We met my nephew, Poached Yeggs, at the front door of the grocery store and he led us to aisle 6.  Along the way, he explained what happened.  “Deviled, it was the strangest thing.  There was this guy who spilled his soup in aisle 6.  He goes to the manager and mentions the spill.  The manager gets on the intercom and says, ‘Clean up, Aisle 6.’  Then when the clean-up crew starts to clean up the mess, Sparkle Fairy just pops in right next to the clean up crew to suggest that they use her brand of paper towels.  She pulls one of the rolls off the shelf.  Suddenly, a section of the ceiling gives way and a ton of glitter fell on top of Sparkle.  Deviled, Sparkle Fairy was sparkled to death.”

When we reached aisle 6, Jim shook his head.  “Deviled, I’m going to call Tuesday.  She needs to change the plans on her wedding dress.  No sparkles, glitter, or sequins.  It’s going to take me a long time to wipe this crime scene from my memory.”

“Don’t look down, Jim.  Look up.”

A section of six suspended ceiling tiles was swinging back and forth, held in place by four carabiners.  Back in my day, they called them ‘D-Rings,’ but I keep up with some changes.  Not many, but some.  It looked like the side that had let go, releasing the glitter, had some burn marks.  I’d let the crime scene guys do their thing, I had it figured out enough to know the general “how.”  Once Sparkle was in position, a small detonation released the catches on one side and the carabiners acted as a hinge on the opposite side.  This was done by someone who was handy, but we’d probably find out that the supplies could be obtained by anyone.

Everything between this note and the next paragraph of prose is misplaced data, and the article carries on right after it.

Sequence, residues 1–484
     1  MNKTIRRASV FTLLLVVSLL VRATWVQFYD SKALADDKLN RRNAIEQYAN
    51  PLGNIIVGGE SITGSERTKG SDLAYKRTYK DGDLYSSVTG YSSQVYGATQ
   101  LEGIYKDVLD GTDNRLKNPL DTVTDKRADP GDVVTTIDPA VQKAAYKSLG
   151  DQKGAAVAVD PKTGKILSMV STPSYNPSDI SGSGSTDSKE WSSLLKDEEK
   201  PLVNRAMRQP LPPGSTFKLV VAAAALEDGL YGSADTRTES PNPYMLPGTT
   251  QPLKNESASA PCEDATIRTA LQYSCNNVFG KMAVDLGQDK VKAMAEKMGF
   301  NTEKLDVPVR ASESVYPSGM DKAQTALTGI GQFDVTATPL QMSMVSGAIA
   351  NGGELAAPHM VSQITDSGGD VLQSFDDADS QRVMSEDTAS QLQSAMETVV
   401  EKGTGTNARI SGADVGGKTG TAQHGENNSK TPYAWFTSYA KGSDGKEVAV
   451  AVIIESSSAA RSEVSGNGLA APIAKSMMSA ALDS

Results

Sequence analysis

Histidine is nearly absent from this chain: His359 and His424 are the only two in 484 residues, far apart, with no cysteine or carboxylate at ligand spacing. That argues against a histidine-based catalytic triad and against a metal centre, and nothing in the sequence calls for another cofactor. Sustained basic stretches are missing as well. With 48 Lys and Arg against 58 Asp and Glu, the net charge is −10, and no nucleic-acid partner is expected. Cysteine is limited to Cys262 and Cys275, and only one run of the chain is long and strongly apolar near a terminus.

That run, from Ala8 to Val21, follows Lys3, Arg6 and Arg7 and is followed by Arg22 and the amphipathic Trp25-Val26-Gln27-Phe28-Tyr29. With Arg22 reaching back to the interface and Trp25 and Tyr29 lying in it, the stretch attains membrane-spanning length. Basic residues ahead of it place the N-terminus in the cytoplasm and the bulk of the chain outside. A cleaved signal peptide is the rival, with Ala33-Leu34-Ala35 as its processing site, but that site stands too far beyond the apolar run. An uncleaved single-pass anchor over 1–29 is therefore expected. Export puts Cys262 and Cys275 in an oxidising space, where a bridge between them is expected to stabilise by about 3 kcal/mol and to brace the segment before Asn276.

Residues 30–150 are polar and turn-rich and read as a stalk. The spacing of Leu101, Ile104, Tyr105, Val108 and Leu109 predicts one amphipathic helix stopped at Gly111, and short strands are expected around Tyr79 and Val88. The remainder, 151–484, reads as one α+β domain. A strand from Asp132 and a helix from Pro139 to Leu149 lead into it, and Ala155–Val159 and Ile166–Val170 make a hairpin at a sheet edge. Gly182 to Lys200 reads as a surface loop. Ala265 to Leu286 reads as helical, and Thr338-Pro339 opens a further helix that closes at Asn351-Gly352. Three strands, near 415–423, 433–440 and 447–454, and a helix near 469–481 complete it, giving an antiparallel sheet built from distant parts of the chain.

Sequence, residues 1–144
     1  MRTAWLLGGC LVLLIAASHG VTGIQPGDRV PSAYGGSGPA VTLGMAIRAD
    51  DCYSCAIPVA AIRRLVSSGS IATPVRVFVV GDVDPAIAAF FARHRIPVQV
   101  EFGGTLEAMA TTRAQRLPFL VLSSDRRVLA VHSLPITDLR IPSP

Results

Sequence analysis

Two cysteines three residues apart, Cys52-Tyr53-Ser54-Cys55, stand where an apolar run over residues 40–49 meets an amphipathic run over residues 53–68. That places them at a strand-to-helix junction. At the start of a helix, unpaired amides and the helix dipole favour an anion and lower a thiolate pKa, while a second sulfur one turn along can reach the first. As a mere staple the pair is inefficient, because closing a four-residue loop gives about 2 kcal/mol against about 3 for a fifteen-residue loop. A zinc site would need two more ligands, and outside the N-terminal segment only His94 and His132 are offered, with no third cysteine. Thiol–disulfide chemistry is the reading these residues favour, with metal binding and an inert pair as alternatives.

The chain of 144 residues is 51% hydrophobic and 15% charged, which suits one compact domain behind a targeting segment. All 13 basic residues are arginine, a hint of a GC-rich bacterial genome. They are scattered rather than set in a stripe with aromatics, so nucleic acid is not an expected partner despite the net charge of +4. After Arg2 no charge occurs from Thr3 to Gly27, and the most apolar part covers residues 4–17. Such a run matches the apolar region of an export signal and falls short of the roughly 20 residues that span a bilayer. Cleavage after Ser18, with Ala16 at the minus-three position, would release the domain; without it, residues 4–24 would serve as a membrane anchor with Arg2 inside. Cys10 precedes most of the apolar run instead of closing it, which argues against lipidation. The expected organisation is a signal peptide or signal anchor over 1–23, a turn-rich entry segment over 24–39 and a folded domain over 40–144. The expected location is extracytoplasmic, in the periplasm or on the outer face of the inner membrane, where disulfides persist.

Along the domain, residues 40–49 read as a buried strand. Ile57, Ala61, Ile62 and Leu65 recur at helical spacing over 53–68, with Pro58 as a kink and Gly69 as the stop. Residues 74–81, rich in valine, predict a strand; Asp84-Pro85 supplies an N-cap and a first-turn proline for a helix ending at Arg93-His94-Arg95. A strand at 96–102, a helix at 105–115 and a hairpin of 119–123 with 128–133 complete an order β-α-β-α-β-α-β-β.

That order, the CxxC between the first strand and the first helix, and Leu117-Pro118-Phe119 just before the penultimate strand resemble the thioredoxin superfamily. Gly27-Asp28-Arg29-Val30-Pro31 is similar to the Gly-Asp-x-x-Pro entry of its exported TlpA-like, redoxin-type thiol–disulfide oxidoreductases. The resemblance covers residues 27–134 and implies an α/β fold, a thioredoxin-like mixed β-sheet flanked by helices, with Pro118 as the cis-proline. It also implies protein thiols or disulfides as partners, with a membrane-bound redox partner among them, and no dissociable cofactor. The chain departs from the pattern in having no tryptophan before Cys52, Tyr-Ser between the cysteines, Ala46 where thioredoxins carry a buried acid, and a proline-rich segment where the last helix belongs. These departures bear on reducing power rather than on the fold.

Jim and I went to the store manager’s office.  His name was Bob.  He said his name was Bob, but I had an idea that his name had been changed.  He looked like he had just arrived from the subcontinent of India.

“Well, Bob,” I asked.  “Did you get a good look at the guy who spilled the soup?”

Bob wobbled his head like a bobblehead doll.

“Bob, I know you saw him.  You should bob your head to say ‘yes.’”

Bob said, “The bobbling of my head is in the affirmative that I am telling you.  I also can be telling you what he was wearing.  He was wearing a red and black plaid flannel shirt and blue jeans.”

“Just what I thought.  But to rig the drop ceiling like that had to take some time.  Have you had any repair people working in here recently?”